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Nationals arise and pummel Pirates 9-3

Charles LeClaire-USA TODAY Sports

The return of Aramis Ramirez to the Pittsburgh Pirates after 12 years in the N.L. Central wilderness was spoiled by a Washington Nationals offensive assault on A.J. Burnett and two Pirates relievers.

In his second start after the All-Star break, as he did in his first, Burnett gave up 11 hits. He looked strong in the early innings, recording strikeouts on six of his first nine outs and giving up only one run in the second. With Ian Desmond on third after one-out singles by Desmond and Jose Lobaton, he scored when Burnett's wild pitch barely eluded Francisco Cervelli and Burnett stayed put at the mound, leaving home plate undefended.

Nationals lefty Gio Gonzalez, developing into something of a nemesis for the Pirates, gave up only two hits over five innings. He was aided by the speed of center fielder Michael Taylor, who tracked down a deep fly ball by Gregory Polanco in the first and two by Ramirez in the second and fourth.

The Nats added two more runs in the top of the fourth. After Yunel Escobar led off with a double, Burnett hit Clint Robinson in the foot with a sinking curve, then did the same to Lobaton's foot to load the bases with one out. Matt den Dekker struck out, and only the light-hitting Gonzalez stood between Burnett and the dugout. But Gonzalez was able to hit a sharp comebacker that Burnett just missed backhanding, extending the inning and the lead to 2-0. Taylor's single to left scored the third Nationals run, but a good throw from Starling Marte nailed Loboton at the plate to end the inning.

The Nats added runs in the fifth and sixth to go ahead 5-0. The fourth run scored in the fifth on a double by Bryce Harper and singles by Escobar and Robinson; the fifth run scored in the sixth on a sacrifice fly by Anthony Rendon after singles by den Dekker and Taylor. That finished Burnett for the evening.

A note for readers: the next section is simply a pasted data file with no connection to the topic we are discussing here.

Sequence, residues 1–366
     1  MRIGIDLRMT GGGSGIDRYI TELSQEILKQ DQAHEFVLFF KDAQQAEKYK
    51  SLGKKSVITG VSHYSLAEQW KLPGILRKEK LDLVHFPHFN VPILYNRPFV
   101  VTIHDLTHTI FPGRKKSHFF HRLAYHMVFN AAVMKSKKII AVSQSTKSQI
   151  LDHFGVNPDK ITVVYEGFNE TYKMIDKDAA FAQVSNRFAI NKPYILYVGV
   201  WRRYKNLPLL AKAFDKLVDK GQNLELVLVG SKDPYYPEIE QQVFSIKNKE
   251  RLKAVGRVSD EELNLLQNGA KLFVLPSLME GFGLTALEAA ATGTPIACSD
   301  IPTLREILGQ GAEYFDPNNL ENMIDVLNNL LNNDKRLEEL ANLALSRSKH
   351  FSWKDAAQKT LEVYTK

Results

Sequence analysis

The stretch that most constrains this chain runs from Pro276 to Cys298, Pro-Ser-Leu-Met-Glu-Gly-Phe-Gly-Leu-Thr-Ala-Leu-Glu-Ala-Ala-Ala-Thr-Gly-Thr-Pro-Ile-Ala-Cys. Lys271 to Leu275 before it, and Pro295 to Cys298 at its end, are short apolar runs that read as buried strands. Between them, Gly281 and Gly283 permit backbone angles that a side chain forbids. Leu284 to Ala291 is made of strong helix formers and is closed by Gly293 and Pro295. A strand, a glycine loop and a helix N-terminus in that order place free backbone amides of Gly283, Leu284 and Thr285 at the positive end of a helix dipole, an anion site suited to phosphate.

The Pirates got back into it in the bottom of the sixth. Pedro Alvarez, who had entered the game in a double switch when Burnett was removed for Deolis Guerra in the top of the inning, led off with a solid single. Gregory Polanco, who looked great at the plate all night, reached first on an error at first base by Robinson, moving Alvarez to third. The Bucs then benefited from a batting-average-on-balls-in-play correction as Marte and Andrew McCutchen drove in runs with well-placed ground balls through holes in the infield. A double play by Ramirez slowed the inning's momentum, but Cervelli drove in another run with another well-placed grounder. Suddenly it was 5-3.

But the optimism dissipated quickly. Desmond hit a two-run homer off Guerra in the seventh, his third homer in three games in this series. Then in the eighth, Taylor hit a two-run homer off the now consistently ineffective Arquimedes Caminero. Maybe the Marlins weren't as dumb as we thought they were when they took cash for Caminero's contract. After the Taylor homer, the score was 9-3, and so it would remain. If Neal Huntington is indeed working the phones in search of middle-relief help, I encourage him to continue to do so.

We'll come out fresh and try to get them tomorrow with Gerrit Cole on the mound. You can't win them all. Unless you're the St. Louis Cardinals. They can, and apparently do, win them all. After winning five in a row, they now lead the second-place Pirates, who own the second-best record in the entire National League, by seven games.